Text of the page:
An estimated 300 delegates from across Africa descended upon Addis Ababa, Ethiopia this week for a major UNESCO research summit. The two-day gathering gave representatives from UNESCO nations the opportunity to share their perspectives on key topics for African researchers, and to identify areas of possible advancement in the continent’s scientific research sector.
Highlighting the variety and extent of Africa’s research undertaken over the past five years, figures presented at the summit show that in 2018, five countries on the continent (Egypt, Nigeria, South Africa, Algeria, and Tunisia) accounted for half of all scientific articles published. Remarkably, at least one in ten publications originated from farmers and citizens – signifying an encouraging shift towards more people-centric research.
Africa remains a major source of biodiversity: its unique cultures, landscapes and languages have often been overlooked, or reduced to symbols of exoticism in media sources. At this summit, representatives called for more interdisciplinary approaches to research. Lenga Auma Ebcube, a director at Kenya’s Council for Scientific and Industrial Research, expressed hope that ‘future multidisciplinary our researches are enhanced by interaction between domains such as sciences, economics, ecology and anthropology.’
In attempts to bridge the ‘data gap’ – an underrepresentation of African research within international databases – participants emphasised the importance of making knowledge accessible through open access platforms such as those hosted by UNESCO-IFRO. Furthermore, numerous discussions focused on ways to further utilise big data generated from Africa’s multiple sources.
Overall, the UNESCO research summit served as an important platform for discussion of contemporary African challenges, and produced exciting progress that promises to have a lasting impact on science within the continent.
The global UNESCO research summit in Africa brought together some of the top minds and influential figures in the world to discuss the most pressing issues facing our Eastern homeland. From science and innovation, to advancing education and cultural exchange, the summit provided an opportunity to explore how these fields could help improve the quality of life for people living in the region.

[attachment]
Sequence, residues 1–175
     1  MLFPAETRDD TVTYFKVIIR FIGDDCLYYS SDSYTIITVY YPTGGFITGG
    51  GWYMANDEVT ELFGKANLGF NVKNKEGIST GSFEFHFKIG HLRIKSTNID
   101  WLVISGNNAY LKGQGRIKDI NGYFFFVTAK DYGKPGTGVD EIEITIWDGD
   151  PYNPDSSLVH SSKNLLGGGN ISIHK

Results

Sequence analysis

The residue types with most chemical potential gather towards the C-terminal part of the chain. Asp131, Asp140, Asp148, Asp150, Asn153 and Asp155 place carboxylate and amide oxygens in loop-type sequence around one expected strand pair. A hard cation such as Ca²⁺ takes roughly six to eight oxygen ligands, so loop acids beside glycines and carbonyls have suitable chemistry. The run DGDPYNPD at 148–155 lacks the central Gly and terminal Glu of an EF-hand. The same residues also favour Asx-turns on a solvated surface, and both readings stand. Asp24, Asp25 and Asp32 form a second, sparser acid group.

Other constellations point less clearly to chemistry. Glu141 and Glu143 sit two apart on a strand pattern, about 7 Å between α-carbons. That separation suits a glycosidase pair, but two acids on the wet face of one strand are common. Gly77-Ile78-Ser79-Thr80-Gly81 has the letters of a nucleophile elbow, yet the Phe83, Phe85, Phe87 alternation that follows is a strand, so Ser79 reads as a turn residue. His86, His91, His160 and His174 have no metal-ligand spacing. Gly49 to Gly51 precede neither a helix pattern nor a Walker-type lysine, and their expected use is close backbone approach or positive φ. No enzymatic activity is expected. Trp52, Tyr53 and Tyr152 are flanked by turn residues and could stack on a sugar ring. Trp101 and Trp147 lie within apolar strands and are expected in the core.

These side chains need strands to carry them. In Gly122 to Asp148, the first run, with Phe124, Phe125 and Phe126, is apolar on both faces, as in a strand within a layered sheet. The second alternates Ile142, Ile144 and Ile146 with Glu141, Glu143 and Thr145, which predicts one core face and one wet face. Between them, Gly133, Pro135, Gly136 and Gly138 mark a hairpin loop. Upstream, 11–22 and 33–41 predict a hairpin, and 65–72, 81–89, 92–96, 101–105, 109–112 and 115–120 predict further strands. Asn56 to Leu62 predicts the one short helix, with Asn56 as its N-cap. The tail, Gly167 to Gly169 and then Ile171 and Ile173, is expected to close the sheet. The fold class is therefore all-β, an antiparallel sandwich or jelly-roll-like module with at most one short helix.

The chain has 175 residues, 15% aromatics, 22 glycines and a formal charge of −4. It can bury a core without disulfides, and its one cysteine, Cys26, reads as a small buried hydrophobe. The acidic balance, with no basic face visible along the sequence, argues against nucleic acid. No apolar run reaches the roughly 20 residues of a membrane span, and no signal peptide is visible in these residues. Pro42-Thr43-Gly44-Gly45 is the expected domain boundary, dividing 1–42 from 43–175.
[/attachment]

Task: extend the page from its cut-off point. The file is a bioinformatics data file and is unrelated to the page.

At the summit, delegates were presented with reports and findings from recent research conducted by several UNESCO projects. Most notably, reports on the usage of renewable energy sources to reduce emissions, and the importance of investing in STEM education for future generations, were showcased.
The summit was also a great platform for like-minded people from across the African continent to come together, share ideas and network. Participants included government officials, researchers, students, local innovators and entrepreneurs to name a few.
Overall, this research summit demonstrated the great potential of collective collaboration when seeking solutions to regional problems. As our world transitions into a digital age with cutting-edge technologies at our disposal, collaboration between academics, industry leaders and policy-makers is absolutely essential.
This summit is just one example of how scientific research can benefit society at large; however, it is up to those in power to ensure that such initiatives reach those who need them most. Such events should be routinely organized around the world if we are to progress as a species and make real progress towards a brighter tomorrow.